Acknowledging that such synergistic or human potential groups have flourished in recent years, the natural question from organizational managers has been: but can it work here? “Our business is productivity not self enlightenment.” “Our profits are measured in dollars not better feelings.”

Three years ago, the Author sought to find out receptive management was to some of the ideas of synergism. Bell-Northern Research of Canada published Beyond Motivation in its May issue of THE (a series of publications about new horizons in communications). The response from managers and planners in industry, commerce, and governments was overwhelming. Hundreds of individuals who became aware of the booklet requested copies for uses ranging from motivating salesmen to inspiring more innovative corporate development.

Since their original publication in 1970, Bell-Northern Research has compiled an impressive, file of letters from organization leaders in a large number of companies in both Canada and the United States. The briefest summary we can give of this surprising response is that there are quite a few people who believe as the Author does that motivation based on fear is not the way to get the most out of people in business and industry.

Beyond Motivation may strike some as a strange book, or perhaps not a book at all. It is frankly an experiment in communication. In the most concise way possible, the Author has synthesized some of the major ideas of conntemporary humanistic writers: A.H. Maslow, Peter Drucker, Rollo May, Fritz Perls, Marshall McLuhan, Wilheim Reich, Ivan lllich to name but a few.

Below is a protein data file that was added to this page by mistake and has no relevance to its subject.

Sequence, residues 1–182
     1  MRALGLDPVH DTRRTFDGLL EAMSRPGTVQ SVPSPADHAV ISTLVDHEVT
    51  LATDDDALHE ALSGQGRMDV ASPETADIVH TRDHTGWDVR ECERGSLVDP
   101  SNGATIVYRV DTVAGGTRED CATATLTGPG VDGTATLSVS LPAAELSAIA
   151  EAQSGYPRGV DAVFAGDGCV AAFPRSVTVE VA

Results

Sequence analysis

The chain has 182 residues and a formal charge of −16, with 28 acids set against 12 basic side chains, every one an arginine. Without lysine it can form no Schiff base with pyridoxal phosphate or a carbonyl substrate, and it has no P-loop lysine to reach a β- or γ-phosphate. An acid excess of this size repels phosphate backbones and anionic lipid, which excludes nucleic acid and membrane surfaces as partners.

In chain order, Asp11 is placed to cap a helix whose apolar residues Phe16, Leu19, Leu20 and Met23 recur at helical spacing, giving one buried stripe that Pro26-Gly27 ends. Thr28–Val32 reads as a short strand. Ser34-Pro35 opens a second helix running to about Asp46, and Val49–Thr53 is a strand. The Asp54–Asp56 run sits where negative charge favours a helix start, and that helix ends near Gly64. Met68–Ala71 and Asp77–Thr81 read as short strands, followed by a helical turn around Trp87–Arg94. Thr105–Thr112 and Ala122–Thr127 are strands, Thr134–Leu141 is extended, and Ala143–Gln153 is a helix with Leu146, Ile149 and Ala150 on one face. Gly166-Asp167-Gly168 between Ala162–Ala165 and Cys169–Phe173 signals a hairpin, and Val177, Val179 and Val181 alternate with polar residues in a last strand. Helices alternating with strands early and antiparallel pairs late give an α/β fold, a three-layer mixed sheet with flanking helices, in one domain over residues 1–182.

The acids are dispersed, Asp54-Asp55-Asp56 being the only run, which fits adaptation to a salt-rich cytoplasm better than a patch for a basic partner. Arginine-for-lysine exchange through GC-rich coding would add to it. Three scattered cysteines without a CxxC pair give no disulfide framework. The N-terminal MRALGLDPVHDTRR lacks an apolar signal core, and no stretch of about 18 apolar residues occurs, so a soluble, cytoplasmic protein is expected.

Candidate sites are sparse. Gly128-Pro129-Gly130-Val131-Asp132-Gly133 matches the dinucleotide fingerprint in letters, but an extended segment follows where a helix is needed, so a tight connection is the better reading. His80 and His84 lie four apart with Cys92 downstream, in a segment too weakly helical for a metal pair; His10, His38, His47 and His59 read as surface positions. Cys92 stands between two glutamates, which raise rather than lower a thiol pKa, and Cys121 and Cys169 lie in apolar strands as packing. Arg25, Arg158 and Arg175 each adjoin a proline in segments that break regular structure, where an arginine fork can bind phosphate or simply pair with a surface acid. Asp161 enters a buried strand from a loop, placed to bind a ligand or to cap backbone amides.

This is a book that doesn’t attempt so much to impart new information as it does to organize ideas in such a way that the reader can bring his own experience to shape the idea. Deliberately, there is space around the Author’s assertions, This book does not attempt to pursuade by documented argumentation but to present a framework of abstractions which suggest, provoke, and inspire thoughts and feelings in the reader.

Presented in this form, there are many uses of Beyond Motivation. It has been used to help the individual better integrate his own thinking about human behavior and human relations. It has been used as a means of sharing with others how the indivdual thinks about the subject. It has been used as a background reference tool for conferences and educational classes. Finally, it also serves as an outline for structuring organizational settings.

We believe the book can be particularly useful in a group, because it provides, for our time, a valid rationale for an individual’s role within the context of group endeavor. The brevity of the book ensures that the reader can be exposed — and grasp the essentials – in fifteen to twenty minutes. Anyone who has tried to communicate complex ideas through comprehensive books knows how useful such brevity can be.

There are many routes to reach a goal and the Author does not presume to know the appropriate ways for all. He practices an approach not the approach. He has indicated where we are going not how we will get there.

Jeffrey Norton
Publisher
Jeffrey Norton Publishers

About